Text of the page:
Sure, I’ll probably have a book signing one day where no one but my Mom shows up. Or I’ll have everyone be really excited about my announcement of my first book deal, only for them to be super annoyed with me by the end, because they are tired of hearing about this book, after I’ve been marketing it for the past year. Sure, I’ll still have bad writing days and self-doubt and fears even after I’ve published a book (or even ten).

But I’ll also have those emails that pop in randomly from a fan who adored X character because of what they did; or they’re livid with me with that ending and JUST NEED BOOK TWO NOW. I’ll have that moment where I get to unbox my ARCs of my own book, see my name on the cover and get to hold it, physically, in my hands, while I’m crying, because I did it. My dream came true. I’ll have old friends I haven’t heard from in years text me a picture of my book in a bookstore and perhaps we’ll get coffee afterwards. I’ll go to my first book Con as an invited guest and my face will be crimson the entire time on the panel, but I might make some people laugh, too, so it’ll be worth the embarrassment and awkwardness that is naturally me.

This article reminded me that not every experience, expectation or hope will come to pass during my publication journey as I’ve always dreamed them to be. But that doesn’t mean it isn’t a dream worth chasing or that my stories aren’t worth telling, because friends, there is only one way to find out exactly how that journey is going to go down.

And that is to live it.

Cheers.

12 thoughts on “The Romanticification of Publishing”

  1. There is only one thing that surprised me in this telling and that’s the apparent fact that anyone would think writing a book is easy. Like what the actual f*ck? The true fact that it is hard is exactly the reason I have NOT tried to write a book.

    The least surprising thing was the fact that family and friends won’t show up, won’t read it, won’t buy it. That was made clear when I started my blog and tried my hand at my first podcast. So few of the people that read or listen to my stuff are friends and family. My own mom doesn’t read my stuff, lol.

    Ah, the life of the creative.

    1. It’s super common, actually. People will look at me and be like, “Well, that’s not that hard,” or not take it seriously.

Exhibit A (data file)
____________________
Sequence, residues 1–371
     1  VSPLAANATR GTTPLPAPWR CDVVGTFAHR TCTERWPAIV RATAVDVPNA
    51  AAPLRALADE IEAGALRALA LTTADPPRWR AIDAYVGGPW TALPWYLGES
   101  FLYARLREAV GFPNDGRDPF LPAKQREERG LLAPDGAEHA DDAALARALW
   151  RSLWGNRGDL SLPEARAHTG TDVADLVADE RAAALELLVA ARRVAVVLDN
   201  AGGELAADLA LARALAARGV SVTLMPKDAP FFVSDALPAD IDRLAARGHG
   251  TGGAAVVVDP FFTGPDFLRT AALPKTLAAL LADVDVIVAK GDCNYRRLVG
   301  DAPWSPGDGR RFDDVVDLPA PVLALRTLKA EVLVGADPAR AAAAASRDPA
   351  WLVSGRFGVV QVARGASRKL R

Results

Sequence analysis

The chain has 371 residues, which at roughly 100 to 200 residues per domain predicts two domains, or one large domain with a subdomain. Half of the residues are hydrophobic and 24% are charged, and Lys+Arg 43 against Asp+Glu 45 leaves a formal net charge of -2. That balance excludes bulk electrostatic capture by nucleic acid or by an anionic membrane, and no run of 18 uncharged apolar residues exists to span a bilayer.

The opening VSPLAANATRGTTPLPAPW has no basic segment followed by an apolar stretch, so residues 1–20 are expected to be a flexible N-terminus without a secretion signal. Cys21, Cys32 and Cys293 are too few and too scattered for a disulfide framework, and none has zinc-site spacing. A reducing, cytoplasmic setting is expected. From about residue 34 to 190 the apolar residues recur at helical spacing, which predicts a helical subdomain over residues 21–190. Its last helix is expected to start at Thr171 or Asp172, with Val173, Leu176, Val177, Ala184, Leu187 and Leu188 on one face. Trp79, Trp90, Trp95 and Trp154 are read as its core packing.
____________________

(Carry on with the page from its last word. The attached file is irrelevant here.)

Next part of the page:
That’s a fair point, I didn’t think of it that way! I think it’s one of those expectations I’ll never truly accept, though. I’ll always assume that everyone will be super supportive in that way, even if it proves not to be true.

      Hear, hear!

      1. LOL, so true. I don’t expect any family members to read my book. They don’t even read my blog. But sometimes I’m glad they don’t. I feel freer to write what I want then.

  2. All that you and McAllister say here rings true for me. I’m just at the beginning of that stage, having just signed an agent contract, and I’m so excited, a dream come true just getting this far. But I know, I know, the road ahead will be not be all sugar and spice. Thank you for this. A reality check is just what I needed.

    1. Hey, first off, congrats on signing with an agent! That’s fantastic!! I hope the road ahead is much more sugar and spice, instead of something less dreamy. No matter how much reality checks you, never give up on that dream and enjoy every stage of it!!

  3. I felt this so hard…Thank you for sharing your thoughts and fears, you are definitely not alone!!! And I’m glad we’re on this journey together, I can’t wait to see how far you’ll go! ❤

  4. Thank you for sharing this post and your thoughts on this matter – and nice work creating a new word too! It is a difficult journey and it can be disheartening at times but still we persevere, impelled by something which can be difficult to explain to non-believers. Good luck on your journey and never give up!

  5. As always, I love your optimism and for keeping the dream alive. You are well on your way towards making your dream a reality, and you know we’re always here for those late nights dealing with imposter syndrome and more!! ❤